Nichols Research captures $159M DOD modernization pact

Batting two for two, Nichols Research Corp. last week won an eight-year, $159 million contract to establish and maintain a Defense Department high-performance computing center at the Aeronautical Systems Center (ASC), Wright-Patterson Air Force Base, Ohio.

Nichols had captured a contract of similar size only weeks before to manage a high-performance computing center at the Army Corps of Engineers' Waterways Experiment Station, Vicksburg, Miss.

The DOD High-Performance Computing Modernization Program Office (HPCMP) has awarded both contracts as part of a major overhaul of the department's high-performance computing resources. The Army Information Systems Selection and Acquisition Agency is the contracting agency.

"We're real pleased," said Michael Solley, corporate vice president for computer systems at Nichols. "This was a very complicated RFP. It had training, hardware [and] facilities [requirements]. One copy of our proposal filled 42 copier boxes. It was huge."

Nichols will purchase and install different computer systems, including a C90 built by Cray Research Inc., an SGI Power Challenge, built by Silicon Graphics Inc., and Sun Microsystems Inc. workstations. Nichols will also install an Intel Corp. Paragon that the company currently owns. Except for the C90, all the hardware will constitute scalable architectures rather than shared-memory configurations. "The focus was toward scalable architectures," Solley said, which reflects "a major shift in the industry."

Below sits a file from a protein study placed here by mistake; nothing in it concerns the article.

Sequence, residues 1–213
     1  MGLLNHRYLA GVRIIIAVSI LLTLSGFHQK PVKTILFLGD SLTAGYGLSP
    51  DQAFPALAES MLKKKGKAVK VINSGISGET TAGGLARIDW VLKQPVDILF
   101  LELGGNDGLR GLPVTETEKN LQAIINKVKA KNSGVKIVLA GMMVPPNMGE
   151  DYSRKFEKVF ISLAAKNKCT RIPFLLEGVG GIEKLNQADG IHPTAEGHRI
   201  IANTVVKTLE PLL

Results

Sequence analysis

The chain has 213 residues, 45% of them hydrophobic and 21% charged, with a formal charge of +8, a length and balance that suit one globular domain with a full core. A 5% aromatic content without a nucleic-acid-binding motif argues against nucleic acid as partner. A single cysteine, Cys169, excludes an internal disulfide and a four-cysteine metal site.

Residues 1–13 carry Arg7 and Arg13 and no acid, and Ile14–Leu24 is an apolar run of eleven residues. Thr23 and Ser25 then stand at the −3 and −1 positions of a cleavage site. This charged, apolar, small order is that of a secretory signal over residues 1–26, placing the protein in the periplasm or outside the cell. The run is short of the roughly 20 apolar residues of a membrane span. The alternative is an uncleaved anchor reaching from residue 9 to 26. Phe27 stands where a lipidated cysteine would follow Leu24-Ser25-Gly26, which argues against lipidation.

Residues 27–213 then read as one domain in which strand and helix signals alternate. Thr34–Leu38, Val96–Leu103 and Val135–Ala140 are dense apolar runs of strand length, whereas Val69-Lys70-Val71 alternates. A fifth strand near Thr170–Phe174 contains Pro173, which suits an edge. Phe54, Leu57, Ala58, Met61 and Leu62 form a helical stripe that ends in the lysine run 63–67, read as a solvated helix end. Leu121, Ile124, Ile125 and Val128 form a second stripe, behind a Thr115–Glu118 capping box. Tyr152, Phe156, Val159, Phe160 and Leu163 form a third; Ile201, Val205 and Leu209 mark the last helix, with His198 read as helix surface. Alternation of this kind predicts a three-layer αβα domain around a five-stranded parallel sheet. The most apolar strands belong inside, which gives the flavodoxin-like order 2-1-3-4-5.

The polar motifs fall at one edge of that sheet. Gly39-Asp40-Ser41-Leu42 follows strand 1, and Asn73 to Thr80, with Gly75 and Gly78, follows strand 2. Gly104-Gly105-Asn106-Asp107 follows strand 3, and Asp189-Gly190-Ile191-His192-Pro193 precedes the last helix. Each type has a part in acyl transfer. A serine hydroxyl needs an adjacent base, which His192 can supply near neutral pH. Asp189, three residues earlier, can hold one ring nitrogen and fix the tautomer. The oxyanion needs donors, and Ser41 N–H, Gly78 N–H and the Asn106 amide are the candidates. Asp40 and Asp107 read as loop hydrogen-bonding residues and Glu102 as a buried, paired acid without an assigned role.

In addition to providing hardware, Nichols will provide maintenance and thousands of hours of training. The ASC shared-resource center will provide support for computational science.

"This essentially represents a big shot in the arm for the whole program," said Joe Batz, deputy program manager for the HPCMP. "And, in particular, for those computational areas"—including structural mechanics, computational fluid dynamics, computational chemistry and materials science, computational electromagnetics and acoustics, and computational electronics and nano-electronics—that will become specialized subjects for ASC.

Batz said the procurement has garnered interest in the high-performance computing industry. "There's a large amount of money, and there's been a large amount of interest," he said. To compete in the HPCMP competition, bidders have formed teams of companies, Batz said. SGI, Cray, IBM Corp., E-Systems, I-NET Inc., AT&T, Science Applications International Corp., Mevatec Corp. and AIT teamed up with Nichols in the ASC win.

HPCMP plans to award two more shared-resource centers and a high-speed network, called the Defense Research and Engineering Network, by August. All four shared-resource centers will be procured using the same request for proposals, with attachments added for site-specific requirements. Under the modernization, a high-speed network will interconnect four major shared-resource centers, 12 smaller "distributed centers" and several smaller, high-performance computing research sites to serve a user base of about 4,200 scientists, engineers and analysts.


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